On April 21, 2006, the carrier responded to the second designated doctor’s report stating that Dr. P was misled to believe that the date of MMI was not in dispute and that Dr. P was not provided with complete medical records to determine MMI and IR. In evidence is a Request for a Benefit Review Conference (DWC-45) from the carrier dated April 21, 2006, stating that a “CCH held on 11/9/05, but no decision rendered yet. Multiple letters since between parties and Hearing Officer” and attached to the DWC-45 is a letter from the carrier’s third party administrator, Sedgwick Claims Management Services, Inc., disputing the extent of injury, MMI, IR and appointment of a second designated doctor. In evidence is another DWC-45 from the third party administrator dated April 24, 2006, disputing the second designated doctor’s MMI and IR certification, and appointment of a second designated doctor. We note that the hearing officer signed the Decision and Order on May 11, 2006.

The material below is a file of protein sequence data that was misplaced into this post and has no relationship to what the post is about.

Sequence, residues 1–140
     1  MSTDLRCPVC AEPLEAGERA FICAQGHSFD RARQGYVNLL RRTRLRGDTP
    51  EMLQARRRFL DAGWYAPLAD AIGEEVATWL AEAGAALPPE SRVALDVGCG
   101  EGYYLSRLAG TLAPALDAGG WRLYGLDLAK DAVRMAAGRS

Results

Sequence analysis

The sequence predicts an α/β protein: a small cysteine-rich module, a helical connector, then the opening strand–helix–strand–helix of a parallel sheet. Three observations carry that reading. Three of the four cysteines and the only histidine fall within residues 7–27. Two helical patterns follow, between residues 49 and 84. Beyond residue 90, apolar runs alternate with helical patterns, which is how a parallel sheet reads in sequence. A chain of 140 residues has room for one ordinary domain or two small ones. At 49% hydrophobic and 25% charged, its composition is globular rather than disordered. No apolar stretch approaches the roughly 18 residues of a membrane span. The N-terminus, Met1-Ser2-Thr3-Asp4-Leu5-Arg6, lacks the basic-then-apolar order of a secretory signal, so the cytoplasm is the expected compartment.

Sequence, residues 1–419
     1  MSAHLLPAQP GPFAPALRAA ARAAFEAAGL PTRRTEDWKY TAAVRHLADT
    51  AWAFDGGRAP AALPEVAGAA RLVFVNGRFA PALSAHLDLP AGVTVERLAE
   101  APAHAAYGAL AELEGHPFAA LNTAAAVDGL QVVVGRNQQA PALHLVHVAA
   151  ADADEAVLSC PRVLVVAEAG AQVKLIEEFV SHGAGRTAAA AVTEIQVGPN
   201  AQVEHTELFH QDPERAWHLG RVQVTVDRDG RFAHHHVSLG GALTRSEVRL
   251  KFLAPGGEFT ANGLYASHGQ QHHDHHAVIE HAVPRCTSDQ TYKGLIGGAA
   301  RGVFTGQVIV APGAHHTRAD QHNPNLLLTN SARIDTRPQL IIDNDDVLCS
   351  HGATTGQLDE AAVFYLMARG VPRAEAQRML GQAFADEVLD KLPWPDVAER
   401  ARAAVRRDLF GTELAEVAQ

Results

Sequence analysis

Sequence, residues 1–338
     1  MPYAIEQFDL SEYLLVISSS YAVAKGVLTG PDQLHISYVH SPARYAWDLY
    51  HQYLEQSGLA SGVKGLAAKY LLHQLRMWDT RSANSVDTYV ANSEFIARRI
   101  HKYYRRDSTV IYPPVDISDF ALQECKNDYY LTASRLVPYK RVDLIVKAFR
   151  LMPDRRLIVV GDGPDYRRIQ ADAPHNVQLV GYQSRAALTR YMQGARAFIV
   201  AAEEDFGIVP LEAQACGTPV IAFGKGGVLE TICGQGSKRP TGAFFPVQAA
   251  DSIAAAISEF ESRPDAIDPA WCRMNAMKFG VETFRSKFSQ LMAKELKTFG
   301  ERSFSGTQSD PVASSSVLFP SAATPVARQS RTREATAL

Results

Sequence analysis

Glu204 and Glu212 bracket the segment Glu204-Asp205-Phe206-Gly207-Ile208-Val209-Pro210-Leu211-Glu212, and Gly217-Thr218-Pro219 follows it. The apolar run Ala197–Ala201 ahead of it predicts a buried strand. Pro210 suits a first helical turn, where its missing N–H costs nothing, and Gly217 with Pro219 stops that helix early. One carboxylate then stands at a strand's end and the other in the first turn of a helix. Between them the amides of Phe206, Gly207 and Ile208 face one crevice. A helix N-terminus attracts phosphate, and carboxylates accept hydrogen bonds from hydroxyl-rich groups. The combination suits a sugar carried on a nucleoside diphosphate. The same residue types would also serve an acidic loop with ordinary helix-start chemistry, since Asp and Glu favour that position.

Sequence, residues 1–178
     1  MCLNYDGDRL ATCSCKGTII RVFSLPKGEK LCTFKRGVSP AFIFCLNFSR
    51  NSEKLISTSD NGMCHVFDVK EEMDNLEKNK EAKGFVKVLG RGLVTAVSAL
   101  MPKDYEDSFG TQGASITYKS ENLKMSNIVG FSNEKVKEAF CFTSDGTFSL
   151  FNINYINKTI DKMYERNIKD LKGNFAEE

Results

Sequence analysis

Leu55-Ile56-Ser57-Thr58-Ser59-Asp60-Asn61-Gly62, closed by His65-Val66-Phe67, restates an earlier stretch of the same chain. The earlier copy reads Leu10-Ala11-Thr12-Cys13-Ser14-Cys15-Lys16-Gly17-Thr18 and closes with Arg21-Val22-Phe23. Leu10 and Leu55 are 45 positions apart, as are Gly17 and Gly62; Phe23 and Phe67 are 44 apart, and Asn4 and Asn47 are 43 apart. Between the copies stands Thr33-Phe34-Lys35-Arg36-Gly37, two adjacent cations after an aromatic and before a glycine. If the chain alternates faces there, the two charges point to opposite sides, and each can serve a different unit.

The carrier contends that the Texas Department of Insurance, Division of Workers’ Compensation (Division) erred in appointing a second designated doctor and also contends that the claimant reached MMI on December 15, 2003, with a zero percent IR as certified by the first designated doctor. An abuse of discretion occurs when a decision is made without reference to any guiding rules or principles. See Morrow v. H.E.B., Inc., 714 S.W.2d 297 (Tex. 1986); See also Appeals Panel Decision (APD) 931034, decided December 27, 1993. The Appeals Panel has applied an abuse- of-discretion standard to the appointment of a second designated doctor. APD 030467, decided April 2, 2003. In APD 011607, decided August 28, 2001, the Appeals Panel held that normally the appointment of a second designated doctor is appropriate only in those cases where the first designated doctor is unable or unwilling to comply with the required AMA Guides or requests from the Commission (now Division) for clarification, or if he or she otherwise compromises the impartiality demanded of the designated doctor. If a designated doctor cannot or refuses to comply with the requirements of the 1989 Act, a second designated doctor may be appointed. APD 961436, decided September 5, 1996. 28 TEX. ADMIN. CODE § 130.5(d)(2) (Rule 130.5(d)(2)) provides that if a designated doctor has been previously assigned, the [Division] shall use that doctor again, if the doctor is still qualified and available.